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Names, Expectations and the Black-White Test Score Gap

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  • David N. Figlio

Abstract

This paper investigates the question of whether teachers treat children differentially on the basis of factors other than observed ability, and whether this differential treatment in turn translates into differences in student outcomes. I suggest that teachers may use a child's name as a signal of unobserved parental contributions to that child's education, and expect less from children with names that "sound" like they were given by uneducated parents. These names, empirically, are given most frequently by Blacks, but they are also given by White and Hispanic parents as well. I utilize a detailed dataset from a large Florida school district to directly test the hypothesis that teachers and school administrators expect less on average of children with names associated with low socio-economic status, and these diminished expectations in turn lead to reduced student cognitive performance. Comparing pairs of siblings, I find that teachers tend to treat children differently depending on their names, and that these same patterns apparently translate into large differences in test scores.

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Bibliographic Info

Paper provided by National Bureau of Economic Research, Inc in its series NBER Working Papers with number 11195.

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Date of creation: Mar 2005
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Handle: RePEc:nbr:nberwo:11195

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  1. David N. Figlio & Maurice E. Lucas, 2000. "Do High Grading Standards Affect Student Performance?," NBER Working Papers 7985, National Bureau of Economic Research, Inc.
  2. Betts, Julian R. & Grogger, Jeff, 2003. "The impact of grading standards on student achievement, educational attainment, and entry-level earnings," Economics of Education Review, Elsevier, vol. 22(4), pages 343-352, August.
  3. Roland G. Fryer & Steven D. Levitt, 2004. "The Causes and Consequences of Distinctively Black Names," The Quarterly Journal of Economics, MIT Press, vol. 119(3), pages 767-805, August.
  4. Marianne Bertrand & Sendhil Mullainathan, 2004. "Are Emily and Greg More Employable Than Lakisha and Jamal? A Field Experiment on Labor Market Discrimination," American Economic Review, American Economic Association, vol. 94(4), pages 991-1013, September.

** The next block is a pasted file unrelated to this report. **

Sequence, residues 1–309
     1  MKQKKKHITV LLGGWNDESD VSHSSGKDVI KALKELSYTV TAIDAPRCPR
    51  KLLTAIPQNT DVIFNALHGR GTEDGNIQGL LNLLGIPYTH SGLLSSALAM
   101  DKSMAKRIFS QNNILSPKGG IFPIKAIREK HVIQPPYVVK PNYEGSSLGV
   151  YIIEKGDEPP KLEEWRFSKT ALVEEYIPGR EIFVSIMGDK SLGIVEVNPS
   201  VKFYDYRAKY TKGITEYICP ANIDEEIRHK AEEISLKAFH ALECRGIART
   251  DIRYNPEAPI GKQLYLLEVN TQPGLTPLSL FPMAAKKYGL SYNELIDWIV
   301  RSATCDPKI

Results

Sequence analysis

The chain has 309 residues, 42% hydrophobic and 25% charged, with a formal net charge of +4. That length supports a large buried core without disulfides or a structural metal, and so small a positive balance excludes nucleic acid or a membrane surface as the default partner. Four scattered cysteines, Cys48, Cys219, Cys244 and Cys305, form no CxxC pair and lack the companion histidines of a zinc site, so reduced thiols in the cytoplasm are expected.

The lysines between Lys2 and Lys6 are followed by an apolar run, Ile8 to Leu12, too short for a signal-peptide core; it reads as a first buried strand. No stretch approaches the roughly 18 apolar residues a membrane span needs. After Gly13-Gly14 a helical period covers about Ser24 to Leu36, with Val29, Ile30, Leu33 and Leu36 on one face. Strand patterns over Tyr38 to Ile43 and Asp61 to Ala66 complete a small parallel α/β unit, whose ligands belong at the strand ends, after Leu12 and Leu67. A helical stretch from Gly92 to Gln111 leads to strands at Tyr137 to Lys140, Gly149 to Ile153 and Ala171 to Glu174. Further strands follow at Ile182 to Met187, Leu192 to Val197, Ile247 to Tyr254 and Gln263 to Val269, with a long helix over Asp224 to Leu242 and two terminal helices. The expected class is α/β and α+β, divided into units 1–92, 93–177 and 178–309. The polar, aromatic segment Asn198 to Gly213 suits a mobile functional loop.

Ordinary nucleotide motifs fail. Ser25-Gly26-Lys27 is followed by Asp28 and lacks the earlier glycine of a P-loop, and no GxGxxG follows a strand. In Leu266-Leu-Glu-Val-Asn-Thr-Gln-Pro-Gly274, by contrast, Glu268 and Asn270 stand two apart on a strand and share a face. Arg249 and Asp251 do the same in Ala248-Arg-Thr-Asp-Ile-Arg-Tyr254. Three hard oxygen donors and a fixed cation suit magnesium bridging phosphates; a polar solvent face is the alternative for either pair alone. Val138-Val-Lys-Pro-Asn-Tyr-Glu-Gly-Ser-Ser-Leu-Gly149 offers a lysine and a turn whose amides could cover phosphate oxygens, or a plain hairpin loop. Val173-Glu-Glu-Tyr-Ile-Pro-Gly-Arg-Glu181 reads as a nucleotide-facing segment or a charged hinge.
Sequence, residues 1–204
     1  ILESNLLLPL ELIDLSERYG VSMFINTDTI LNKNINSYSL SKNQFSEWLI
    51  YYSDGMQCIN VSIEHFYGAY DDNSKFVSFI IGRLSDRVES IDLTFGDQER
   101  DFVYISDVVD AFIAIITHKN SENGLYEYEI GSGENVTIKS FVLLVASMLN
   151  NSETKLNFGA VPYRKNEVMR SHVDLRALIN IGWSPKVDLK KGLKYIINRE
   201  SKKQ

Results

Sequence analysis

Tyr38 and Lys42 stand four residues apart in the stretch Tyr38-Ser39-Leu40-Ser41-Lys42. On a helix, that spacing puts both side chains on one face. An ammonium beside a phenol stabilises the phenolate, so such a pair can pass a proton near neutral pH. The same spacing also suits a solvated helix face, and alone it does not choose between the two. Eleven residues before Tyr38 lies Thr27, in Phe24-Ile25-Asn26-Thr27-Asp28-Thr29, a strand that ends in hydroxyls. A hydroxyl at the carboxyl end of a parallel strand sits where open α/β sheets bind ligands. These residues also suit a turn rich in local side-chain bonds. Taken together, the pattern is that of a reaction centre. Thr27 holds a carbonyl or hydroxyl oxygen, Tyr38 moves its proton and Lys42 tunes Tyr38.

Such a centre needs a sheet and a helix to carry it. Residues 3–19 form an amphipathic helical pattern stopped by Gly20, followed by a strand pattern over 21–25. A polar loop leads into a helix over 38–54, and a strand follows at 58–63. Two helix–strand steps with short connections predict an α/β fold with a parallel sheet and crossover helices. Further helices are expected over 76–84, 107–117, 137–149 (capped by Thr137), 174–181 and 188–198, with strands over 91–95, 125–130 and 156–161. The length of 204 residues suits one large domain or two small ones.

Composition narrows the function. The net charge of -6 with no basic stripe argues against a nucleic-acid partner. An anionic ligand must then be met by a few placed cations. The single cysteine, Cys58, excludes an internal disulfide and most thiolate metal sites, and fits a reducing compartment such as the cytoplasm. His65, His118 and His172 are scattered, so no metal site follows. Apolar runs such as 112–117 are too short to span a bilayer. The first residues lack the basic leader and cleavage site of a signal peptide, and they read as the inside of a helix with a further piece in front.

5. Lillard, Dean R. & DeCicca, Philip P., 2001. "Higher standards, more dropouts? Evidence within and across time," Economics of Education Review, Elsevier, vol. 20(5), pages 459-473, October.
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Cited by:
  1. Naci Mocan & Erdal Tekin, 2010. "Ugly Criminals," The Review of Economics and Statistics, MIT Press, vol. 92(1), pages 15-30, February.
  2. Anne-Célia Disdier & Keith Head & Thierry Mayer, 2011. "Exposure to foreign media and changes in cultural traits: evidence from naming patterns in france," Sciences Po publications info:hdl:2441/c8dmi8nm4pd, Sciences Po.
  3. Price, Gregory N., 2009. "Obesity and crime: Is there a relationship?," Economics Letters, Elsevier, vol. 103(3), pages 149-152, June.
  4. repec:hal:cesptp:hal-00266554 is not listed on IDEAS
  5. Head, Charles Keith & Mayer, Thierry, 2007. "Detection of Local Interactions from the Spatial Pattern of Names in France," CEPR Discussion Papers 6340, C.E.P.R. Discussion Papers.
  6. Maresa Sprietsma, 2013. "Discrimination in grading: experimental evidence from primary school teachers," Empirical Economics, Springer, vol. 45(1), pages 523-538, August.
  7. Lisa D. Cook & Trevon D. Logan & John M. Parman, 2013. "Distinctively Black Names in the American Past," NBER Working Papers 18802, National Bureau of Economic Research, Inc.
  8. Kwabena Gyimah-Brempong & Gregory N. Price, 2006. "Crime and Punishment: And Skin Hue Too?," American Economic Review, American Economic Association, vol. 96(2), pages 246-250, May.

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